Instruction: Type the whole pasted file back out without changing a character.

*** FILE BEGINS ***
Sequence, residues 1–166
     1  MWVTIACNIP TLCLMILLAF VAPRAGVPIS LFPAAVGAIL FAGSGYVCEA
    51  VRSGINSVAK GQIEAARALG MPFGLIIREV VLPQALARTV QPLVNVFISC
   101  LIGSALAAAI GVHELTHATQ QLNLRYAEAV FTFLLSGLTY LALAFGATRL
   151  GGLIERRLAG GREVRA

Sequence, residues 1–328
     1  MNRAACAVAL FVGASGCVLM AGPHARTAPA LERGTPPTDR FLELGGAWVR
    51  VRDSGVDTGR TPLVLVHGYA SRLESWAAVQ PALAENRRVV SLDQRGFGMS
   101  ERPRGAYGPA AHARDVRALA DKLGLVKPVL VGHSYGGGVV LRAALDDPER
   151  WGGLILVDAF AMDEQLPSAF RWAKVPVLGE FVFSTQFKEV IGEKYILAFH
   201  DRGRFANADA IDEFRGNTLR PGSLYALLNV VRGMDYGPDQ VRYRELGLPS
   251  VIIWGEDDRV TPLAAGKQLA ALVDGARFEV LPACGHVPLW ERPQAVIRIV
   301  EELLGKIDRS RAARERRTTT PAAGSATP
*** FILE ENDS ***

Sequence, residues 1–166
     1  MWVTIACNIP TLCLMILLAF VAPRAGVPIS LFPAAVGAIL FAGSGYVCEA
    51  VRSGINSVAK GQIEAARALG MPFGLIIREV VLPQALARTV QPLVNVFISC
   101  LIGSALAAAI GVHELTHATQ QLNLRYAEAV FTFLLSGLTY LALAFGATRL
   151  GGLIERRLAG GREVRA

Sequence, residues 1–328
     1  MNRAACAVAL FVGASGCVLM AGPHARTAPA LERGTPPTDR FLELGGAWVR
    51  VRDSGVDTGR TPLVLVHGYA SRLESWAAVQ PALAENRRVV SLDQRGFGMS
   101  ERPRGAYGPA AHARDVRALA DKLGLVKPVL VGHSYGGGVV LRAALDDPER
   151  WGGLILVDAF AMDEQLPSAF RWAKVPVLGE FVFSTQFKEV IGEKYILAFH
   201  DRGRFANADA IDEFRGNTLR PGSLYALLNV VRGMDYGPDQ VRYRELGLPS
   251  VIIWGEDDRV TPLAAGKQLA ALVDGARFEV LPACGHVPLW ERPQAVIRIV
   301  EELLGKIDRS RAARERRTTT PAAGSATP